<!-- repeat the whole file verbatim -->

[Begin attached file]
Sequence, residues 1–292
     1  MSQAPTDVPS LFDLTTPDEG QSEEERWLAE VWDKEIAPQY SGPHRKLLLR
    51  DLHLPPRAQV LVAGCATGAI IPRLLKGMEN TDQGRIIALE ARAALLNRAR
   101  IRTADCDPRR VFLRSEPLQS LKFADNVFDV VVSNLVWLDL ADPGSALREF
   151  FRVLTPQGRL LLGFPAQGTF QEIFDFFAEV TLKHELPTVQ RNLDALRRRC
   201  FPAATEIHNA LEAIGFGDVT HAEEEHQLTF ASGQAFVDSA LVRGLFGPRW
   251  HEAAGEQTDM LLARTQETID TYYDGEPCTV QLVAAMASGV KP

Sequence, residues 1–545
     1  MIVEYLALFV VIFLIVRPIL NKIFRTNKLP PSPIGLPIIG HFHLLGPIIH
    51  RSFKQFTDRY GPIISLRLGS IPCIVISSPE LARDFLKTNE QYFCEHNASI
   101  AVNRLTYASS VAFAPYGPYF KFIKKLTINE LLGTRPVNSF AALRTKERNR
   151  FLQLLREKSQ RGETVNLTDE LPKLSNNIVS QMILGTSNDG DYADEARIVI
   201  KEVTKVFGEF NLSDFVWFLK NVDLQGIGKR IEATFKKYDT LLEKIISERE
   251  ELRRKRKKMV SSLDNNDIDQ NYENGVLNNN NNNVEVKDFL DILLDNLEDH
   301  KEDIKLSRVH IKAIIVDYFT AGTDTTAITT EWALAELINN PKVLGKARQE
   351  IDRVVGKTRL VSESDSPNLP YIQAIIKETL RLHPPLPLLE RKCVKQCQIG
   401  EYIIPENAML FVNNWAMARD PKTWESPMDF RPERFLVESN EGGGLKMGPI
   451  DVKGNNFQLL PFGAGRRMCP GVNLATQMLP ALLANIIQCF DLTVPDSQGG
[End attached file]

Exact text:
Sequence, residues 1–292
     1  MSQAPTDVPS LFDLTTPDEG QSEEERWLAE VWDKEIAPQY SGPHRKLLLR
    51  DLHLPPRAQV LVAGCATGAI IPRLLKGMEN TDQGRIIALE ARAALLNRAR
   101  IRTADCDPRR VFLRSEPLQS LKFADNVFDV VVSNLVWLDL ADPGSALREF
   151  FRVLTPQGRL LLGFPAQGTF QEIFDFFAEV TLKHELPTVQ RNLDALRRRC
   201  FPAATEIHNA LEAIGFGDVT HAEEEHQLTF ASGQAFVDSA LVRGLFGPRW
   251  HEAAGEQTDM LLARTQETID TYYDGEPCTV QLVAAMASGV KP

Sequence, residues 1–545
     1  MIVEYLALFV VIFLIVRPIL NKIFRTNKLP PSPIGLPIIG HFHLLGPIIH
    51  RSFKQFTDRY GPIISLRLGS IPCIVISSPE LARDFLKTNE QYFCEHNASI
   101  AVNRLTYASS VAFAPYGPYF KFIKKLTINE LLGTRPVNSF AALRTKERNR
   151  FLQLLREKSQ RGETVNLTDE LPKLSNNIVS QMILGTSNDG DYADEARIVI
   201  KEVTKVFGEF NLSDFVWFLK NVDLQGIGKR IEATFKKYDT LLEKIISERE
   251  ELRRKRKKMV SSLDNNDIDQ NYENGVLNNN NNNVEVKDFL DILLDNLEDH
   301  KEDIKLSRVH IKAIIVDYFT AGTDTTAITT EWALAELINN PKVLGKARQE
   351  IDRVVGKTRL VSESDSPNLP YIQAIIKETL RLHPPLPLLE RKCVKQCQIG
   401  EYIIPENAML FVNNWAMARD PKTWESPMDF RPERFLVESN EGGGLKMGPI
   451  DVKGNNFQLL PFGAGRRMCP GVNLATQMLP ALLANIIQCF DLTVPDSQGG